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Podcast
Web News

How to Learn Web Development Skills

Recorded:
March 22, 2022
Released:
March 23, 2022
Modified:
March 23, 2022

Learning new skills is crucial for web developers. Junior developers need to learn all the time to expand their capabilities. Senior developers need to learn throughout their career to update their knowledge. Learning these skills is not easy, however, with so many different frameworks and tools available to learn, alongside the difficult decision on how to learn them - college, university, coding bootcamps, etc. In this episode Matt and Mike discuss how to cut through the noise, identify how you learn, and decide how to learn.

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Show Notes

What is HTML All The Things

HTML All The Things is a web development podcast and discord community which was started by Matt and Mike, developers based in Ontario, Canada.

The podcast speaks to web development topics as well as running a small business, self-employment and time management. You can join them for both their successes and their struggles as they try to manage expanding their Web Development business without stretching themselves too thin.

What's This One About?

Learning new skills is crucial for web developers. Junior developers need to learn all the time to expand their capabilities. Senior developers need to learn throughout their career to update their knowledge. Learning these skills is not easy, however, with so many different frameworks and tools available to learn, alongside the difficult decision on how to learn them - college, university, coding bootcamps, etc. In this episode Matt and Mike discuss how to cut through the noise, identify how you learn, and decide how to learn.

Show Notes

The Noise

  • When you decide to start learning web development there is an incredible amount of noise that you’ll have to contend with

Noise that pulls you in all kinds of different directions

  • Learn React
  • React is old, use something like Vue or Svelte
  • Svelte is only good for simple websites and web apps
  • Svelte is the only framework that you need
  • Use Github
  • Don’t use git user interfaces, only use command line
  • Learn git command line, but then use the UI because it’s easier
  • Learn vanilla HTML/CSS/JS
  • Don’t learn vanilla, use a framework
  • jQuery is easier to write than JS
  • jQuery is dead
  • Don’t use WordPress
  • Many developers make money using WordPress

This noise comes from all sorts of sources: written pieces, social media, videos, podcasts (including ours), other web dev professionals, and probably more that you could think of

  • Everyone and everything has an opinion on what you should be learning, how you should be building, and the best way to get the same task done
  • AND once you’ve finally selected a skill to learn, there’s even more noise on how to learn it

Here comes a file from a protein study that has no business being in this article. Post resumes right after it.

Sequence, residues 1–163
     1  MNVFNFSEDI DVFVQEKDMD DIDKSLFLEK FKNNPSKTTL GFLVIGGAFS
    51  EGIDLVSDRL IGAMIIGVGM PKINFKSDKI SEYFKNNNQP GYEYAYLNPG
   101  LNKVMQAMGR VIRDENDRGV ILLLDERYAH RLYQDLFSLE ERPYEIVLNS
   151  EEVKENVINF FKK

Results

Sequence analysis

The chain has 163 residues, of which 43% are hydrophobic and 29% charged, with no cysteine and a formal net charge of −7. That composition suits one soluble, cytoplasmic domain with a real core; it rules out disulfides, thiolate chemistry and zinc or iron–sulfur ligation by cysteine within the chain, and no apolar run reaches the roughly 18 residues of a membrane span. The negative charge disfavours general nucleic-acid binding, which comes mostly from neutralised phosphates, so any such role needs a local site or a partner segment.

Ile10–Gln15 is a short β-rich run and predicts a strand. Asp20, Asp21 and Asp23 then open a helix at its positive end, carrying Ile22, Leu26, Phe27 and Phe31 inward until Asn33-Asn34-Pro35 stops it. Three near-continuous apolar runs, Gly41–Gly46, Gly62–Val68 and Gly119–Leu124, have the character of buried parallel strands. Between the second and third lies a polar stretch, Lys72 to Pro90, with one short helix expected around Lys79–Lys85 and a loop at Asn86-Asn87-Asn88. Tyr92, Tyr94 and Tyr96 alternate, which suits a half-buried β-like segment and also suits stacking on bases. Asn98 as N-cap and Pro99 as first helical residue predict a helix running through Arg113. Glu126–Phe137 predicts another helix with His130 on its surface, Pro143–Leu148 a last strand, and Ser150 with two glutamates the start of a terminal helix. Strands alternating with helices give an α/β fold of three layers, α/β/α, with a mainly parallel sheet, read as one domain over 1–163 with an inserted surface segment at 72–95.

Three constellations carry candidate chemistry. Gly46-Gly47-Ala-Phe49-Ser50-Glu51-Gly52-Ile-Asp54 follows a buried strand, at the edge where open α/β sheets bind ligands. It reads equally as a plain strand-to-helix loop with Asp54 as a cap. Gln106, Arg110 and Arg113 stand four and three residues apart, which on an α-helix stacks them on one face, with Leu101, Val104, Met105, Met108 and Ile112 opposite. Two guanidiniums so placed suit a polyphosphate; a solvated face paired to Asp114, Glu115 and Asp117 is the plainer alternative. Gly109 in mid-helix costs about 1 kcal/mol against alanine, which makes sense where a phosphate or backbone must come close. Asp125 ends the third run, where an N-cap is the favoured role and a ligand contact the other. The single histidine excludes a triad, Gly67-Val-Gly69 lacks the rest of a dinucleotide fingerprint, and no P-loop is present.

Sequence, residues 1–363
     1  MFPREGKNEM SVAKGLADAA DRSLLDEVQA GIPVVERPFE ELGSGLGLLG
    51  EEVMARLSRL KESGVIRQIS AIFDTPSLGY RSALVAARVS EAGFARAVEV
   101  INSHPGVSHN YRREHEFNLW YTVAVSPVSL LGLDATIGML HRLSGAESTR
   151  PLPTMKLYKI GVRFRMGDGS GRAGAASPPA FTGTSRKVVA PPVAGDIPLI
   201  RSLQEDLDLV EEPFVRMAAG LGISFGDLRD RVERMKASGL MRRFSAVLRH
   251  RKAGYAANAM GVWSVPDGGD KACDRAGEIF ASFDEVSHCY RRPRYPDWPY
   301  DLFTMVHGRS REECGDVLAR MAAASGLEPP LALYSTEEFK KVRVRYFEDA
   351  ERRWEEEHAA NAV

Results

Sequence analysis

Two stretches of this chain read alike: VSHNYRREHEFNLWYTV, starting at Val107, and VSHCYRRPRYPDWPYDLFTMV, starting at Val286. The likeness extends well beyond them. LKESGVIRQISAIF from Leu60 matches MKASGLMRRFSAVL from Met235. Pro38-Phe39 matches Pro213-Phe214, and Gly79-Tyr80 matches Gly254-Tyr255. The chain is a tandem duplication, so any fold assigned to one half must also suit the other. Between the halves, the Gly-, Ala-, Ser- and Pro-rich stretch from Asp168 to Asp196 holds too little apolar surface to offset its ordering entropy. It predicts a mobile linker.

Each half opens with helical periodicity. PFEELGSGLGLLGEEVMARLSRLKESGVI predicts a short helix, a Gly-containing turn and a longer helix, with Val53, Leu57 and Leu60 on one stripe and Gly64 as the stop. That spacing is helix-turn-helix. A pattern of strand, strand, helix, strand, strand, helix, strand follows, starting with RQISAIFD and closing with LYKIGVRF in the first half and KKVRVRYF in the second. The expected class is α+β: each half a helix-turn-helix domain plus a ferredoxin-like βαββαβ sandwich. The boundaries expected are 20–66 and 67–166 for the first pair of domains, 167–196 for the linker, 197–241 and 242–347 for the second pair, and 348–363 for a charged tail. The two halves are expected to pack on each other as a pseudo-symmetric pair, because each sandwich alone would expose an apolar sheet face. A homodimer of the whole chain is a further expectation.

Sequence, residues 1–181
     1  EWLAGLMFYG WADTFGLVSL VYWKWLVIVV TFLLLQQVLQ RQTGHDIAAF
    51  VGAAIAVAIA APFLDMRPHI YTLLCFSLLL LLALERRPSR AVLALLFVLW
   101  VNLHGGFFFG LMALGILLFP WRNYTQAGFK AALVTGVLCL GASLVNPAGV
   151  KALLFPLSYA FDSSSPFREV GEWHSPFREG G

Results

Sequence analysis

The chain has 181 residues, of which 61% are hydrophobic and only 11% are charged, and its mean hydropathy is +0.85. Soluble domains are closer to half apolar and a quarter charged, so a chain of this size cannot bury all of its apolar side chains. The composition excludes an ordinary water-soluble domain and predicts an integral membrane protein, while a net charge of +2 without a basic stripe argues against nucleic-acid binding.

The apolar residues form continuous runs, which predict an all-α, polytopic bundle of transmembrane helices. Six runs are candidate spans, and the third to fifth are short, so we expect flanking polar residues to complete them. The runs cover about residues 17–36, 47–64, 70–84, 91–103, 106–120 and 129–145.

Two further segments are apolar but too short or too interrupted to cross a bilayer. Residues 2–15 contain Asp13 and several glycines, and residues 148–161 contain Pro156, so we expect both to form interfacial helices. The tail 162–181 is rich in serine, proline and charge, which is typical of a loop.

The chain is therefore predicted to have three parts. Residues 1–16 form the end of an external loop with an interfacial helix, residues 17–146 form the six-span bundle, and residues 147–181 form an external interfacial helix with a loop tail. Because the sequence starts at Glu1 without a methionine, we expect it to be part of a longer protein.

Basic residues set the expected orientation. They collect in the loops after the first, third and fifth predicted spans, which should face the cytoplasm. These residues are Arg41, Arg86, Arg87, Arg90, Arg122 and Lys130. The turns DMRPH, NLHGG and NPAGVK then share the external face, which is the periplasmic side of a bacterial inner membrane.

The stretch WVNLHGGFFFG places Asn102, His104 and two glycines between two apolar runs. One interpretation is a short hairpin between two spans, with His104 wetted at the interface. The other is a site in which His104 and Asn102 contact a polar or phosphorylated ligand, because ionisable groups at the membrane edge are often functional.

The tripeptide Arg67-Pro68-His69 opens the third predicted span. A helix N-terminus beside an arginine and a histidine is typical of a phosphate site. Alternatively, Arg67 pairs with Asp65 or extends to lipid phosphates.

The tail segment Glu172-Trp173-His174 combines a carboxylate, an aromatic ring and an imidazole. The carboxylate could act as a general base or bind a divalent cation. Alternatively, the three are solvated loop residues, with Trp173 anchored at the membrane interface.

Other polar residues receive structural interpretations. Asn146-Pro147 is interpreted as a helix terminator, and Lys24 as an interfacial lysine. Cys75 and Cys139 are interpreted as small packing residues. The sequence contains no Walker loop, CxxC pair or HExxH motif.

• Project-based learning
  • Traditional school
  • Online Courses
  • YouTube videos
  • Bootcamps
  • Reading documentation

Getting Past the Noise

  • If you want to be a freelancer, think in terms of the the customer
  • Does the customer care about their website and web app functioning the way they want
  • Or do they care about whether or not you used WordPress
  • The customer cares about their and their customer’s UX, they don’t care about the details that don’t affect their goal
  • If you want to be an employee
  • Start looking at job postings that you’d be interested in
  • Are most of them using React and TailwindCSS? Then learn those
  • Keep checking job postings as you learn as tech changes quickly!
  • If you’re learning just for you
  • Maybe you want to build out a project for yourself - research how other people made similar projects and lean towards those skills
  • Maybe you want to just learn a new skill with no specific goal - then read about some different options and choose the one you’re interested in, without factoring in someone else’s opinion
  • Cutting through the noise on how you should be learning (bootcamp, self-taught, etc.) is largely dependant on determining your unique situation, which transitions nicely into our discussion on learning the skills themselves

Learning the Skills

  • Determine what kind of learner you are and what situation you’re in (a few examples below)
  • You may find that you’re in a rush to learn, but you always procrastinate without a solid class structure - Bootcamp
  • Self-driven people that tackle anything they set their mind to might prefer to learn on their own, being completely self-taught at their own pace
  • Watching videos might work great for some people, but others might find their mind wandering leaving them absorbing nothing - which indicates they may need more project-based learning (or at least interactive activities mixed into traditional learning)